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Title:Kinetics of Buffer-Layer-Assisted Nanostructure Growth
Author(s):Antonov, Vassil N.
Director of Research:Weaver, John H.
Department / Program:Physics
Discipline:Physics
Degree:Ph.D.
Genre:Dissertation
Subject(s):nanostructures
buffer-layer-assisted-growth (BLAG)
Scanning Transmission Electron Microscope (STEM)icroscope (STEM)
Abstract:The bottom-up approach to nanostructure assembly has received much attention as a promising way for technology to build ever-smaller devices. In physical vapor deposition, however, thermodynamics poses stringent rules as to what material can self-assemble into three-dimensional structures on the surface of choice. On the other hand, deposition of pre-formed atomic clusters on a substrate always results in structural damage to either the substrate or the particle or both. In order to circumvent these obstacles, the technique of buffer-layer-assisted growth (BLAG) was introduced by our research group during the 1990’s. In this technique, physical vapor deposition is done on a thin film buffer of condensed rare gas solid, where three-dimensional cluster growth is possible for almost any material. Warm-up and desorption of the buffer allows the delivery of the clusters to the substrate in the ultimate of softlandings. Moreover, the clusters can diffuse and aggregate on the desorbing buffer, allowing control over particle density. In my research, I have sought to elucidate the physics behind the fast surface diffusion of these particles, consisting of as many as millions of atoms, at temperatures of only 70 – 80 K. I have extensively utilized the transmission electron microscopes available in the Center of Microanalysis of Materials at the University of Illinois at Urbana-Champaign, to get insights into the key processes involved in nano-particle diffusion. My work has brought a new understanding of how the aggregation and coalescence can be controlled and used for the synthesis of novel structures on the nanometer-scale.The effects of chemisorbed CO on the aggregation and coalescence of Pd nanometer-sized clusters during Xe buffer-layer-assisted growth were investigated, and found to impede Pd cluster-cluster, producing branched islands with thinner branches and lower profile than those of clean Pd. The extent of aggregation and the size distribution of Au nanostructures were studied as a function of the buffer composition (Xe, Kr, and Ar) and thickness, following delivery to amorphous carbon substrates. For Au clusters few-nm in size, the diffusivity varies strongly with size due to self-heating during coalescence. For large Au islands the diffusivity scales as the inverse of the contact area, in agreement with molecular dynamics simulations of fast slip-diffusion of nanocrystals on incommensurate surfaces, where motion is driven by phonons and controlled by friction between a cluster facet and the buffer surface. The exponential dependence of particle density on buffer thickness is explained by a model of competition between the rates of cluster diffusion and buffer depletion, from which the Arrhenius parameters for Ag, Au, Cu, Pd, Co, and Ni nanoparticle slip-diffusion are determined. Significantly, the Arrhenius parameters follow a Meyer-Neldel-type compensation rule which bears the signature of the phononic excitations present in solid Xe, a feature that should be a general characteristic of nanoparticle slip-diffusion. Finally, we demonstrated that BLAG can be utilized for the assembly of CdSe quantum dots and rods and their delivered in ultra-high vacuum conditions on almost any substrate, opening the door for novel IIVI quantum dot heterostructures with tunable properties.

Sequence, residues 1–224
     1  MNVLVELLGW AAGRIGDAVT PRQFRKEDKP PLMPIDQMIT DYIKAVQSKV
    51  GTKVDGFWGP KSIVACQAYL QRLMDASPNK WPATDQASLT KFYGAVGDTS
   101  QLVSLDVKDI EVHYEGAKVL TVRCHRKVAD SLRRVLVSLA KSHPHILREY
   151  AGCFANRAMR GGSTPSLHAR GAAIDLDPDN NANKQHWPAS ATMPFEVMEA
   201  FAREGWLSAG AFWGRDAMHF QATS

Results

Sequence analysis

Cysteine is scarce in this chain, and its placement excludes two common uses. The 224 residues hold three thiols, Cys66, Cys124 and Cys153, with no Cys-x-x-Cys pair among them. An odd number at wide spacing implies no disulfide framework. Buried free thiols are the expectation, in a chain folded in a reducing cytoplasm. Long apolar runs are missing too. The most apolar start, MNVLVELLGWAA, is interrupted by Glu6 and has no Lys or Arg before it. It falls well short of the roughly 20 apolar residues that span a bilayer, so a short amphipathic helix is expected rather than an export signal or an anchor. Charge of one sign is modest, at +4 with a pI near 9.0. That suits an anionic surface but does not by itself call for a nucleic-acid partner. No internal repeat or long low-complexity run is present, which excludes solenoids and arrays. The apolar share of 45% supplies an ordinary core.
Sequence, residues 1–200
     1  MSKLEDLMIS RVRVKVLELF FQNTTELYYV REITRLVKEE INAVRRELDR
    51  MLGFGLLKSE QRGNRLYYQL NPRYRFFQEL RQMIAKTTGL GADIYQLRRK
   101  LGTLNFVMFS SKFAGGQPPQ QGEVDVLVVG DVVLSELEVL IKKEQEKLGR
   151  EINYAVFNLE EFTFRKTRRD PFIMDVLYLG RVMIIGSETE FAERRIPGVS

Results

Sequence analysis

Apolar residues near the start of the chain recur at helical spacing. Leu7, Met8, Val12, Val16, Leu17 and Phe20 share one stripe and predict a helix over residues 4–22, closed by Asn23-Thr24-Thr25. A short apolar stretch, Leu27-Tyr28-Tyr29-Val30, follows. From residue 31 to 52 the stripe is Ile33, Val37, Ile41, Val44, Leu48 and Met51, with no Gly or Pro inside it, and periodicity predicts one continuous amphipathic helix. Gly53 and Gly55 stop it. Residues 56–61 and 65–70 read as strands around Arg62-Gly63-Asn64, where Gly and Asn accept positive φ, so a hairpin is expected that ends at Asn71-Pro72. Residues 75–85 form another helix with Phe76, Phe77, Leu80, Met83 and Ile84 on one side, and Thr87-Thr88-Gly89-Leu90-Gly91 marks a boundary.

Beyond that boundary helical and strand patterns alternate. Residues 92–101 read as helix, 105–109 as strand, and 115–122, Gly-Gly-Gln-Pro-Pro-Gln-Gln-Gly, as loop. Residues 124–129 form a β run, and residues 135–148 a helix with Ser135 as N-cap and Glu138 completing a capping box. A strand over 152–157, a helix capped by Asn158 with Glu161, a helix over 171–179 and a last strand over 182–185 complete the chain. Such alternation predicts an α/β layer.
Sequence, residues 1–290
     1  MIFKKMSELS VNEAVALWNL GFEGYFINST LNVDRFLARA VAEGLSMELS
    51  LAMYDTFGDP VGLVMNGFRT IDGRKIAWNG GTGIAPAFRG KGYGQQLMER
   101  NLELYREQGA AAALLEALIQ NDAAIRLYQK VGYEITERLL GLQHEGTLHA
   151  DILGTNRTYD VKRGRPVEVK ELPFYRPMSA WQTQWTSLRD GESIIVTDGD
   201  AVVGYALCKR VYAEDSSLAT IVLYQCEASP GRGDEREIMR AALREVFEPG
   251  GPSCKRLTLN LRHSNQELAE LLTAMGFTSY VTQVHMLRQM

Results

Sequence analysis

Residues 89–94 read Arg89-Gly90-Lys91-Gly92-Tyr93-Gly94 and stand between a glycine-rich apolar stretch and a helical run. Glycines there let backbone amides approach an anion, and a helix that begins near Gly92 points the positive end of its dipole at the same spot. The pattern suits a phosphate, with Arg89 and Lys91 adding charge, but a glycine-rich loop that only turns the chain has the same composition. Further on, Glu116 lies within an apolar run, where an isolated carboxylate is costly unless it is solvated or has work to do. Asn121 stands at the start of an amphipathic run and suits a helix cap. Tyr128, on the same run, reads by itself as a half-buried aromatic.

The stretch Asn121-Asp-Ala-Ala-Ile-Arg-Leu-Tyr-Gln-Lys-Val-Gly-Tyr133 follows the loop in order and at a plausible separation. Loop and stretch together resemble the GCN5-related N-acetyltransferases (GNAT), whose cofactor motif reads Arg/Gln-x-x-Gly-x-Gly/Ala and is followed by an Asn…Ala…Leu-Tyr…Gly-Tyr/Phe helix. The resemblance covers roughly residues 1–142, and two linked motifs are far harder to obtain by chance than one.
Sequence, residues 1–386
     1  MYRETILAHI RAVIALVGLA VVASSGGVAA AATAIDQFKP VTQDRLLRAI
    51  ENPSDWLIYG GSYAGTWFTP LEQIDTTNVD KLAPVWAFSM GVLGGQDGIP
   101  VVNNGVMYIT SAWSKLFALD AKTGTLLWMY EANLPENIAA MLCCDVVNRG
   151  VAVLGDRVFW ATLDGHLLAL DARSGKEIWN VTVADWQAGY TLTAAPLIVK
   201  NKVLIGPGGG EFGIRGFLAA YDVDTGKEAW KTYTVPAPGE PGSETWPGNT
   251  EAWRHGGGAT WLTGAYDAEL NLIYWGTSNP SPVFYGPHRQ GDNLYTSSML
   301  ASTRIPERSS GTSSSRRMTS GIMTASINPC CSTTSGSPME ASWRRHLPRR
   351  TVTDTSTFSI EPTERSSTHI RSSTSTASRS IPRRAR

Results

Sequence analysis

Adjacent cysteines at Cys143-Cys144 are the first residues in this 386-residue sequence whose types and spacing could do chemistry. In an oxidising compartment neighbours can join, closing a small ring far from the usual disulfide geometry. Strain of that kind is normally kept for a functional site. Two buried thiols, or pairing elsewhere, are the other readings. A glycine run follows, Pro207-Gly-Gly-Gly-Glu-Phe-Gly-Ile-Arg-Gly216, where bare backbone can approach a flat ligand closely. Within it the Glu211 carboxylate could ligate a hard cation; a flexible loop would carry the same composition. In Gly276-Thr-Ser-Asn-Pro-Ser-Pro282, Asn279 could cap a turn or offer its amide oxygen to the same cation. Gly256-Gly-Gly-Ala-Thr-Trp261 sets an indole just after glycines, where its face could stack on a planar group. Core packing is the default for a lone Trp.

Issue Date:2005
Genre:Dissertation / Thesis
Type:Text
Language:English
URI:http://hdl.handle.net/2142/31907
Rights Information:2005 © Vassil Nikolaev Antonov
Date Available in IDEALS:2012-06-27
Identifier in Online Catalog:5235160


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